Gallstones are collections of solid material (predominantly crystals of cholesterol) in the gallbladder.
Most disorders of the gallbladder and bile ducts result from gallstones. Gallstones are more common among women and among certain groups of people, such as American Indians. The risk factors for gallstones include the following:
In the United States, about 20% of people older than age 65 have gallstones.
Stones in the gallbladder (called cholelithiasis) sometimes pass into the bile ducts. Stones in the bile ducts are called choledocholithiasis. These stones sometimes block a bile duct.
Most gallstones do not cause symptoms. But if symptoms or other problems occur, treatment is necessary. Each year, more than half a million people in the United States have their gallbladder surgically removed.
In the Western world, the major component of most gallstones is cholesterol, a fat (lipid) that normally is dissolved in bile (but not in water). When the liver secretes excess cholesterol, bile becomes oversaturated with cholesterol. The excess forms solid particles (cholesterol crystals). These microscopic crystals accumulate in the gallbladder, where they clump and grow into gallstones. Other types of gallstones begin with precipitates of calcium compounds and bilirubin (the main pigment in bile). Stones composed of bilirubin, called pigment stones, are either black (forming in the gallbladder) or brown (forming in the bile ducts).
The stones may stay in the gallbladder or pass into bile ducts. Stones can block the cystic duct, common bile duct, or ampulla of Vater (where the common bile duct and pancreatic duct join). Most cholesterol stones in the bile ducts came from the gallbladder. Any narrowing (stricture) of the bile ducts can lead to a blockage or slow bile flow. Bacterial infections can develop when bile flow is slowed or blocked. Bile duct strictures, in turn, can lead to infection, inflammation, and thus brown pigment stones in the bile ducts.
Sometimes microscopic particles of cholesterol, calcium compounds, bilirubin, and other materials accumulate but do not form stones. This material is called biliary sludge. Sludge develops when bile remains in the gallbladder too long, for example, as it does during pregnancy. Gallbladder sludge usually disappears when its cause resolves, for example, when pregnancy ends. Sludge, however, can evolve into gallstones or pass into the biliary tract and block the ducts.
About 80% of people with gallstones do not have any symptoms for many years, if ever, particularly if the gallstones remain in the gallbladder.
Gallstones may cause pain. Pain develops when the stones pass from the gallbladder into the cystic duct, common bile duct, or ampulla of Vater and block the duct. Then the gallbladder swells, causing pain called biliary colic. The pain is felt in the upper abdomen, usually on the right side under the ribs. Sometimes the location is hard to pinpoint, particularly for people with diabetes and older people. The pain typically increases in intensity over 15 minutes to an hour and remains steady for up to 12 hours. The pain is usually severe enough to send people to the emergency department for relief. Then the pain resolves over 30 to 90 minutes, leaving a dull ache. People often feel nauseated and vomit.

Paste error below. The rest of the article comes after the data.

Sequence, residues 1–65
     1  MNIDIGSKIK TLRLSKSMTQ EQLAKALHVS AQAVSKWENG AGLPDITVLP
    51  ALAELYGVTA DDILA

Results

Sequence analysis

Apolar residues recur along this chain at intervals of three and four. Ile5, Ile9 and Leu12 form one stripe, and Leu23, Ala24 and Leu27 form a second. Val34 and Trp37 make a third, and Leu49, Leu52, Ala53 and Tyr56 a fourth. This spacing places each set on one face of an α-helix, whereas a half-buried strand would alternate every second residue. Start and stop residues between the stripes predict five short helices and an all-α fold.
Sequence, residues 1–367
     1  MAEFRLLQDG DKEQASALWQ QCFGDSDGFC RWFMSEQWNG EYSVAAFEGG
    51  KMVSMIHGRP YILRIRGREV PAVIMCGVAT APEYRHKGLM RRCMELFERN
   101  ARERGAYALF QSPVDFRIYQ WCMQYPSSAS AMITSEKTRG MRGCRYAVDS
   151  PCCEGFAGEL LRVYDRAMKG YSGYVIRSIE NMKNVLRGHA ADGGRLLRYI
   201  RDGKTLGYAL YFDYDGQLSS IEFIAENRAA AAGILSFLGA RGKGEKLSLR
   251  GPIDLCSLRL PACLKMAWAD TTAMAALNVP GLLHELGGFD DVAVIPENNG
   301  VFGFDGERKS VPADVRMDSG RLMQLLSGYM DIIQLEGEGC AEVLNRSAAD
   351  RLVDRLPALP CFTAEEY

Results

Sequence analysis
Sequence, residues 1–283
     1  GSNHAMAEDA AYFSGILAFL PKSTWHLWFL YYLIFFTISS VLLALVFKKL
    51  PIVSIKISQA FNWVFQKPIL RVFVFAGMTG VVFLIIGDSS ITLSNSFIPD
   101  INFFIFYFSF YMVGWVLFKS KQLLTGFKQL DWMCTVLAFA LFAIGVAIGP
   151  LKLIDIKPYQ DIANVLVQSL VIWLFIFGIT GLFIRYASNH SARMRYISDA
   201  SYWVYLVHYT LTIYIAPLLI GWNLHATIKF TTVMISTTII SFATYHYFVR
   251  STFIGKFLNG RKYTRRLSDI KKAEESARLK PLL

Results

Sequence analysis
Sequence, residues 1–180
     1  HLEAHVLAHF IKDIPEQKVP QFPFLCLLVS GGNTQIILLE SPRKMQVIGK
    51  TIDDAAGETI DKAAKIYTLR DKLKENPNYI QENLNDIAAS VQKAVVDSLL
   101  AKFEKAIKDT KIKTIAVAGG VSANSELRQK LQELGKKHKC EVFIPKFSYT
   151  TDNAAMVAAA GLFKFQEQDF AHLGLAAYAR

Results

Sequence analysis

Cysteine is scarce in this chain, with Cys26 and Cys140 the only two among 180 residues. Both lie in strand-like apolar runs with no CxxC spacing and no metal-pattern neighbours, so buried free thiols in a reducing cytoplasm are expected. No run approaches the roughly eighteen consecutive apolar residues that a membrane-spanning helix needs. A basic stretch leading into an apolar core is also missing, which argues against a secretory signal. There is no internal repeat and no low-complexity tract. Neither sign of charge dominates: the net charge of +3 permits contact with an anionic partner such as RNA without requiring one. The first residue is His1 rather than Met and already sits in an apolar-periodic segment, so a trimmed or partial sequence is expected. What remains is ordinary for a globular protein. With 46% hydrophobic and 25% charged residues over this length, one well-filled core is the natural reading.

Eating a heavy meal can trigger biliary colic, but simply eating fatty foods does not. Gallstones do not cause belching or bloating. Nausea occurs only when biliary colic occurs.
Although most episodes of biliary colic resolve spontaneously, pain returns in 20 to 40% of people each year, and complications may develop. Between episodes, people feel well.
If the blockage persists, the gallbladder becomes inflamed (a condition called acute cholecystitis, see see Cholecystitis). When the gallbladder is inflamed, bacteria flourish, and infection may develop. The inflammation usually causes fever.
Blockage of the common bile duct or the ampulla of Vater is more serious than blockage of the cystic duct. Blockage of a bile duct can cause the ducts to widen (dilate). It can also cause fever, chills, and jaundice (a yellowish discoloration of the skin and the whites of the eyes). This combination of symptoms indicates that a serious infection called acute cholangitis has developed. Bacteria can spread to the bloodstream and cause serious infections elsewhere in the body. Also, pockets of pus (abscesses) can develop in the liver.
Stones that block the ampulla of Vater also can block the pancreatic duct, causing inflammation of the pancreas (pancreatitis), as well as pain.
Inflammation of the gallbladder caused by gallstones can erode the gallbladder wall, sometimes resulting in a hole (perforation). Perforation results in leakage of the gallbladder contents throughout the abdominal cavity, causing severe inflammation (peritonitis). A large gallstone that enters the small intestine can cause intestinal blockage, called a gallstone ileus. Though rare, this complication is more likely to occur in older people.